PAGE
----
Goldstone Defends his Report in Brandeis Debate
Former Israeli Ambassador to the United Nations Dore Gold debated retired South African Judge Richard Goldstone at Brandeis University on Thursday night. Minutes before the debate began, the United Nations General Assembly adopted an Arab-backed resolution backing the Goldstone report by a lopsided 114-18 margin, with 44 abstentions.
Goldstone authored the recent United Nations Human Rights Commission’s investigative report that charged Israel with war crimes in the three-week Operation Cast Lead counterterrorist campaign that concluded last January.
The judge said in his opening speech that it was a given that Israel had the right to defend itself, that "Israel was fully justified in using military force," but that his committee had been "concerned about the manner in which the military force was used, and whether it was consistent with international law."
He prefaced his remarks by noting that Israel is a democracy and that its citizens are committed to preserving human rights, adding that ”sadly, the same cannot be said of Gaza.”
Although the report is likely to be used as evidence against Israel in any war crimes trial at the International Criminal Court in The Hague, Goldstone said "We did not apply a criminal law standard of 'guilt beyond a reasonable doubt.' The findings that we made for the purpose of any future proceedings would have to be investigated afresh -- this is why we called for independent investigations in both Israel and Gaza."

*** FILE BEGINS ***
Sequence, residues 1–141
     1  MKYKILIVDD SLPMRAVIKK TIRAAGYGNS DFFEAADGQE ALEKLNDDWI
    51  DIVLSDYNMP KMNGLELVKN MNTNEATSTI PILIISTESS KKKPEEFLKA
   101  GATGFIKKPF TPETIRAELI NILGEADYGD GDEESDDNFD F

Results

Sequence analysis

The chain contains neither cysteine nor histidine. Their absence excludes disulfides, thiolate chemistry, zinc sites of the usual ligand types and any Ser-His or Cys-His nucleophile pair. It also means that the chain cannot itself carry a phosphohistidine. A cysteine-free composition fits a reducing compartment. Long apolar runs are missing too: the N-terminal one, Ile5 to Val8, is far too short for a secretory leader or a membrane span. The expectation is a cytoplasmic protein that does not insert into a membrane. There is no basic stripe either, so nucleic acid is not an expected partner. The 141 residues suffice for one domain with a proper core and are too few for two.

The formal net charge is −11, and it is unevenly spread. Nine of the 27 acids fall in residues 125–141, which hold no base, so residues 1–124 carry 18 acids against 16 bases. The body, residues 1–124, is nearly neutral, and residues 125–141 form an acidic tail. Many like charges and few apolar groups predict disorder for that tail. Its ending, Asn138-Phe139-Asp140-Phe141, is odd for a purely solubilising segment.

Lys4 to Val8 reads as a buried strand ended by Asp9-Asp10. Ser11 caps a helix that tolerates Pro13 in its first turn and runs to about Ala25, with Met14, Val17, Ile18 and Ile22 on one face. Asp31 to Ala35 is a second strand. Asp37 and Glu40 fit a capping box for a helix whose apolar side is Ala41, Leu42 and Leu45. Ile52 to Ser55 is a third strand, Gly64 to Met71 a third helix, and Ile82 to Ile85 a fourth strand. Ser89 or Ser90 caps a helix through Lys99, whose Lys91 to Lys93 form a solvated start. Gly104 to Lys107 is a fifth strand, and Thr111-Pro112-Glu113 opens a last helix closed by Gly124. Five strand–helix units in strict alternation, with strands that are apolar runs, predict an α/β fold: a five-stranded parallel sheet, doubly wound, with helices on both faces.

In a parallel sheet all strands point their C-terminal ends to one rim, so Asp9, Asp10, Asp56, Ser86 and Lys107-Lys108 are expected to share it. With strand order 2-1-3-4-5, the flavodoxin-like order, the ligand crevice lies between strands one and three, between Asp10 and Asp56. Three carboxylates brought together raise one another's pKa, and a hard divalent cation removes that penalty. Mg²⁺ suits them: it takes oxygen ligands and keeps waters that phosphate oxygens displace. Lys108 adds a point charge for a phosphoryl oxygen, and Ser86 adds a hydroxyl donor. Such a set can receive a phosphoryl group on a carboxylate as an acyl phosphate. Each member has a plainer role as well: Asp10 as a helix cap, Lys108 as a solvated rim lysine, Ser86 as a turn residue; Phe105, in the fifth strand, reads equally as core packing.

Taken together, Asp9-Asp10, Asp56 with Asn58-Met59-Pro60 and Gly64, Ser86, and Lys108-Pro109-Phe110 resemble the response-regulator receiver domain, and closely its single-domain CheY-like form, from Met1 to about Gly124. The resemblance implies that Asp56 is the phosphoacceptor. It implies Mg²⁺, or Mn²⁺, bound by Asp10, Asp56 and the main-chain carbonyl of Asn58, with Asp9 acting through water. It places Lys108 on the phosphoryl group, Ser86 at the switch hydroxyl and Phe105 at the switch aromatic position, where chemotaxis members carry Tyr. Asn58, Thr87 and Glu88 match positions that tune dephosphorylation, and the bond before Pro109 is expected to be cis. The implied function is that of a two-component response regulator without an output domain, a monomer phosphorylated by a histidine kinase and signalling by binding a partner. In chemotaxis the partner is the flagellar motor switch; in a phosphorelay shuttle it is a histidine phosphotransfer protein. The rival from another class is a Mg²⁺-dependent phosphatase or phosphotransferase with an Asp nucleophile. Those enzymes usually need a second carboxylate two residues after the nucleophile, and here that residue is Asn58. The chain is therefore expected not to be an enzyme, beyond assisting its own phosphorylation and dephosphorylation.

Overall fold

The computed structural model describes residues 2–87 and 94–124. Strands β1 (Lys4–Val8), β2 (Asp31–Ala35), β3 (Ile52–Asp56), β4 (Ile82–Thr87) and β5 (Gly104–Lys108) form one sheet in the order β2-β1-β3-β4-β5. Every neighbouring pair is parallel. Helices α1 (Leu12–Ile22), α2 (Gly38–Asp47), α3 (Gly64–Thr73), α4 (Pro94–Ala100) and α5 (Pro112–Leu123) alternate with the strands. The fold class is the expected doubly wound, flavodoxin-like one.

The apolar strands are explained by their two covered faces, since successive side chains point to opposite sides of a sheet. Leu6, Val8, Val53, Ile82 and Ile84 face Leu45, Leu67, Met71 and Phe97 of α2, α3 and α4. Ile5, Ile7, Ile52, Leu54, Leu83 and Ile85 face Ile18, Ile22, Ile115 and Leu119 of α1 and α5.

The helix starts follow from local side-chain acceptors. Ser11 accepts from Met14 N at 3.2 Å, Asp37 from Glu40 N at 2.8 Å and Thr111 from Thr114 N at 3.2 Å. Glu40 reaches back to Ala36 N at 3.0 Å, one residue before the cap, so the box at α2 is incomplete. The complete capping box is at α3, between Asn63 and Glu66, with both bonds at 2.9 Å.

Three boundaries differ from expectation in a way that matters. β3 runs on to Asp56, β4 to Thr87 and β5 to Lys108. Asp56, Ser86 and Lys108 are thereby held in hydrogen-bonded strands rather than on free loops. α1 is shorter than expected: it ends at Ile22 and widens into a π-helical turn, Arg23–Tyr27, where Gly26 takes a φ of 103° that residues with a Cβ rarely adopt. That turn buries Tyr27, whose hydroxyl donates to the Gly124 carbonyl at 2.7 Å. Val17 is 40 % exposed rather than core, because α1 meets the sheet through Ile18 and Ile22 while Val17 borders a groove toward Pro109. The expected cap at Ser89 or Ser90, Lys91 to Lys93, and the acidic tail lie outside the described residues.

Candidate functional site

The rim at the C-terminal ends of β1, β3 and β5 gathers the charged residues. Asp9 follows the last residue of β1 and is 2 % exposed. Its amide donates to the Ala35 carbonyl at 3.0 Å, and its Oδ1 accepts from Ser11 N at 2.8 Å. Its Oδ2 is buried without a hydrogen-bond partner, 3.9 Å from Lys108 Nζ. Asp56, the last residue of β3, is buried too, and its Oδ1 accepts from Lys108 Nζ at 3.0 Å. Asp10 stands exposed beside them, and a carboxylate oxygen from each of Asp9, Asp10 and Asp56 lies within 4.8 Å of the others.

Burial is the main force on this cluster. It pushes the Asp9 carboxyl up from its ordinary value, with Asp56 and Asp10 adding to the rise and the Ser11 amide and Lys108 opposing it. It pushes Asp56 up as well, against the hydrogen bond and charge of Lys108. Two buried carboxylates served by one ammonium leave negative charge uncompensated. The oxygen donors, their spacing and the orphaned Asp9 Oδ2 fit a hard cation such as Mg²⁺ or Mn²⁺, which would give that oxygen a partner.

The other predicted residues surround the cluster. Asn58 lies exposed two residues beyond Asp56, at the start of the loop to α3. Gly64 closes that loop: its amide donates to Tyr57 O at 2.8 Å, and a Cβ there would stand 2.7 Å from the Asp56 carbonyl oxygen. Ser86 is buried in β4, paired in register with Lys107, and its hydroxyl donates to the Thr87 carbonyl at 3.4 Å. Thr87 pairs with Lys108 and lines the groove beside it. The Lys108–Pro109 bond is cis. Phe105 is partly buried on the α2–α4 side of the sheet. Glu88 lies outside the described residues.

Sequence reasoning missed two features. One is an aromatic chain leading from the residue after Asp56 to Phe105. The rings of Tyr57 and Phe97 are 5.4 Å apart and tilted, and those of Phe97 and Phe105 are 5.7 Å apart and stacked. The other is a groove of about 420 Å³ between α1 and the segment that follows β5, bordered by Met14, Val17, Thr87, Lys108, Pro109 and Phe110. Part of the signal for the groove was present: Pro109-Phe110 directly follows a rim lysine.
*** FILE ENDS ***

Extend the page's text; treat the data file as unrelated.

The South African judge said from the outset that he refused to accept the original Human Rights Commission mandate, which he said was one-sided against
Goldstone claimed that 25,000 to 40,000 homes were partially to completely destroyed during Operation Cast Lead, and more than 200 factories were put out of action. The region's only flour-producing factory was put out of action, he said, and most egg factories were disabled as well. Water supplies, water treatment plants and sanitation plants were bombed, he claimed, adding that agricultural farms were bulldozed, "many, many square miles."
Goldstone also stated that unemployment in Gaza currently stands at more than 60 percent, and that 90 percent of the people in Gaza live on less than one dollar per day.
In justifying the accusations against Israel listed in his report, Goldstone said, "We relied primarily on what we were told, what we heard with out own ears, and what we saw with our own eyes." Moreover, he lamented, "If you regard people as equal human beings, you don't treat them that way. You don't fire rockets at them, and you don't bulldoze their land."
The United States has criticized the report as being biased, and most Israeli leaders from across the entire political spectrum have rejected the accusations.
The debate is the first time Goldstone has confronted a senior Israeli figure. Dore Gold is the president of the Jerusalem Center for Public Affairs. Goldstone began the debate and Gold is responding to him, followed by questions from the audience.
The debate is a program of the International Center for Ethics, Justice, and Public Life and the Schusterman Center for Israel Studies at Brandeis University.